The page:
Airport security confuses moisturizer for explosive

A woman boarding her flight with a prescription moisturizer containing ammonium lactate was stopped for the Explosives Trace Detection Test three times in a row – as reported in a case published in the journal JAMA Dermatology.

She was prescribed the ammonium lactate cream for dry skin as a result of her anti-estrogen therapy for cancer.

When she “carried her prescribed 385-mL bottle of ammonium lactate, 12%, cream in the standard 1-quart plastic bag, clearly labeled with the appropriate prescription information”, she got pulled for an Explosives Trace Detection Test.

The second time she went through airport security, they got more thorough and gave her a full-body pat-down, took a sample of her moisturizer…and did another Explosives Trace Detection Test.

The third time she put her moisturizer in her check-in luggage. When she landed, her suitcase had a card letting her know that security opened it to perform another Explosives Trace Detection Test.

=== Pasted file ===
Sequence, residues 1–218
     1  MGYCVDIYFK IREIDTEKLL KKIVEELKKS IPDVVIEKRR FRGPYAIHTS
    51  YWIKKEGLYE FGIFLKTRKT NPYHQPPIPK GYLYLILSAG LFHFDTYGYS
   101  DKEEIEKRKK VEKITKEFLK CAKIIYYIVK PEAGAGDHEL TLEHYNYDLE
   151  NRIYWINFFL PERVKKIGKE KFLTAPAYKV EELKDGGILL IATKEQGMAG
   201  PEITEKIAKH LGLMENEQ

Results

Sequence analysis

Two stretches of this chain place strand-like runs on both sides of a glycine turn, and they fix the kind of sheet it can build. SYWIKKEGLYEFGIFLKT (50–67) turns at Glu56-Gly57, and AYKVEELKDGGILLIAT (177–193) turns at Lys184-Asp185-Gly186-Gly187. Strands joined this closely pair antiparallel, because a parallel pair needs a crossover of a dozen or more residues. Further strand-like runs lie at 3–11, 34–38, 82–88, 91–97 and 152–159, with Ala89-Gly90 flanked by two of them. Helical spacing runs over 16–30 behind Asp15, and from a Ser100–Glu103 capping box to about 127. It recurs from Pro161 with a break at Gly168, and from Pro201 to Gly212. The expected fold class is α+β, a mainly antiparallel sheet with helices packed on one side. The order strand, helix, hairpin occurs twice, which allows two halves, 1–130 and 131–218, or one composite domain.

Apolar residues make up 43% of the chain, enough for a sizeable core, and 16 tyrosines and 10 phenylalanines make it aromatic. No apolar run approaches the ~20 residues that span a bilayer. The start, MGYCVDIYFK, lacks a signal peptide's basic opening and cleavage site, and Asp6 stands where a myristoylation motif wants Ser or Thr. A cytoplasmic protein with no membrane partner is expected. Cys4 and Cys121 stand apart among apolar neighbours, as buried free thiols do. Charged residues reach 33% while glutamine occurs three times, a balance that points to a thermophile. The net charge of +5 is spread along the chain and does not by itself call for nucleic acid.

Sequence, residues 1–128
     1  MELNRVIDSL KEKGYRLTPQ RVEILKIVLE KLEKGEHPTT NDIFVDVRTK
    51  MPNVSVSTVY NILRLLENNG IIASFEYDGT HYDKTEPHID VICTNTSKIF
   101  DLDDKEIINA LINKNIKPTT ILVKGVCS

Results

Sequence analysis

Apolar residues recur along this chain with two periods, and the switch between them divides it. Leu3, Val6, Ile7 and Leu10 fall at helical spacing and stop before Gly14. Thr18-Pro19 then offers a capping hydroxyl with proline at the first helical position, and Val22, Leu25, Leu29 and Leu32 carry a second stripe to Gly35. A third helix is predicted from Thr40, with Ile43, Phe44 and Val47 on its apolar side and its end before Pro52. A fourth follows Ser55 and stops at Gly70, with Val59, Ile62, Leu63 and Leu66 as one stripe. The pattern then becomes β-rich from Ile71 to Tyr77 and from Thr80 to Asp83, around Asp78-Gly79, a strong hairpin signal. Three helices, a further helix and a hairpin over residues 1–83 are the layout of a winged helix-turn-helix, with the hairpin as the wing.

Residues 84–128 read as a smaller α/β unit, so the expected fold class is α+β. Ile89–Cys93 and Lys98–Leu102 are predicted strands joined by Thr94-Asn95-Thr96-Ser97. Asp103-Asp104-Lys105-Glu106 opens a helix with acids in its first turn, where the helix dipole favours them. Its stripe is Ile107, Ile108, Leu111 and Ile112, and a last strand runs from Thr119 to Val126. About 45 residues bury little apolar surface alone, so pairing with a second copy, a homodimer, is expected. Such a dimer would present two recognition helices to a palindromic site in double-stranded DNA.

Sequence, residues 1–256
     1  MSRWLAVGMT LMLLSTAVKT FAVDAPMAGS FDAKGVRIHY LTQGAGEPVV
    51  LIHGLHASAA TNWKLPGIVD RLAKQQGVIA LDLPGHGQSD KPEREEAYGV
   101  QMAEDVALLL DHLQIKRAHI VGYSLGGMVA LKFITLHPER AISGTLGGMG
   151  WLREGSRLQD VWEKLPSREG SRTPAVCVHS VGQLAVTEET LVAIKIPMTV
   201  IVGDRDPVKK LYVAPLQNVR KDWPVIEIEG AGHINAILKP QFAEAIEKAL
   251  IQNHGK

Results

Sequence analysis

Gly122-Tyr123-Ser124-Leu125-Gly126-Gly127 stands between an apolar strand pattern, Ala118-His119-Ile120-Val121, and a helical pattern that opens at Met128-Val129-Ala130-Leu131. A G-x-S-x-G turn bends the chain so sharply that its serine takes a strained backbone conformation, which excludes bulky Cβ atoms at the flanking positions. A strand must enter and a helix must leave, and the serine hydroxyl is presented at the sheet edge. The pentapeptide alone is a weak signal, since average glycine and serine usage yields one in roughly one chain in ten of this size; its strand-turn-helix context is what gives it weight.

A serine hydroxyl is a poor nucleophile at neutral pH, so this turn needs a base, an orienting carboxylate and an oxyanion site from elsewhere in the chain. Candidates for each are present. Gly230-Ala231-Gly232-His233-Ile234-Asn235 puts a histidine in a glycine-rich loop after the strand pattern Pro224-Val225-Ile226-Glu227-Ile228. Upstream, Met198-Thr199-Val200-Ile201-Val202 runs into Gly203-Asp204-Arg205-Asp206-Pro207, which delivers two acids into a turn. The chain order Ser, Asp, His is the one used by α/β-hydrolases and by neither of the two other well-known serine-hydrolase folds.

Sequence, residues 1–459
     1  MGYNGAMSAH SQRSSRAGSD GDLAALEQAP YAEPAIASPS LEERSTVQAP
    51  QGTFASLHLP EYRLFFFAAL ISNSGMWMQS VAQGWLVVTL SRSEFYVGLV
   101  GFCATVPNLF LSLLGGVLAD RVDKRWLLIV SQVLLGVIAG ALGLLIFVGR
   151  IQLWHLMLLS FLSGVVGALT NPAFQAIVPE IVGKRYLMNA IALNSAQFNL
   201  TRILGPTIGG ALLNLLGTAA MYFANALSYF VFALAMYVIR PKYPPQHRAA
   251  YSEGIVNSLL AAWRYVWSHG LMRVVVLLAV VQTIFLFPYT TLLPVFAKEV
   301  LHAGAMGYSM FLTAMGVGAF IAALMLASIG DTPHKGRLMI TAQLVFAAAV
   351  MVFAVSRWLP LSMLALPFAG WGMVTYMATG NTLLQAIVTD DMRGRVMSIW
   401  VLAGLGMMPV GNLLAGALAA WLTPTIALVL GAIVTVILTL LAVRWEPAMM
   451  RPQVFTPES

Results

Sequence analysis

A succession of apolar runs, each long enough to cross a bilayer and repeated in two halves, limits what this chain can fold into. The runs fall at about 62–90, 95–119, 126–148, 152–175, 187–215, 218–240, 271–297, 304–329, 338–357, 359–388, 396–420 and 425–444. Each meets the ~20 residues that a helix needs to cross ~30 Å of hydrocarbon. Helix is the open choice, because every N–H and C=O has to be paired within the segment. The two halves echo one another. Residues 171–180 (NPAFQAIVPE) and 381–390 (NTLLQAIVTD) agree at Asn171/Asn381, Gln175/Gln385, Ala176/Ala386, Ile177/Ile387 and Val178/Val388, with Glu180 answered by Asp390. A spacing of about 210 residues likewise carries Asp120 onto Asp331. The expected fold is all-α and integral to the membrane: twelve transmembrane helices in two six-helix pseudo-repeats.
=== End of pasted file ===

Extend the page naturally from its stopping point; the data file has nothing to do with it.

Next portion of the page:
The authors of this case speculated that the Transportation Security Administration (TSA) confused ammonium lactate for the explosive ammonium nitrate.

Bottom line

  • The authors pointed out that “Current procedures direct patients to alert TSA prior to their travel date and obtain approved labeling to minimize discomfort and stress.”
  • In translation: If you have a prescription for ammonium lactate, call TSA every time before you fly. But granted, that might be a bit excessive.
  • For simplicity’s sake, I sure hope a doctor’s note would suffice for this kind of thing eventually.

Source case report: Zarbo A, et al. JAMA Dermatol. Published online: August 3, 2016. A paid subscription may be required.

Photo adapted from original by Pavel Kazachkov, used under license.

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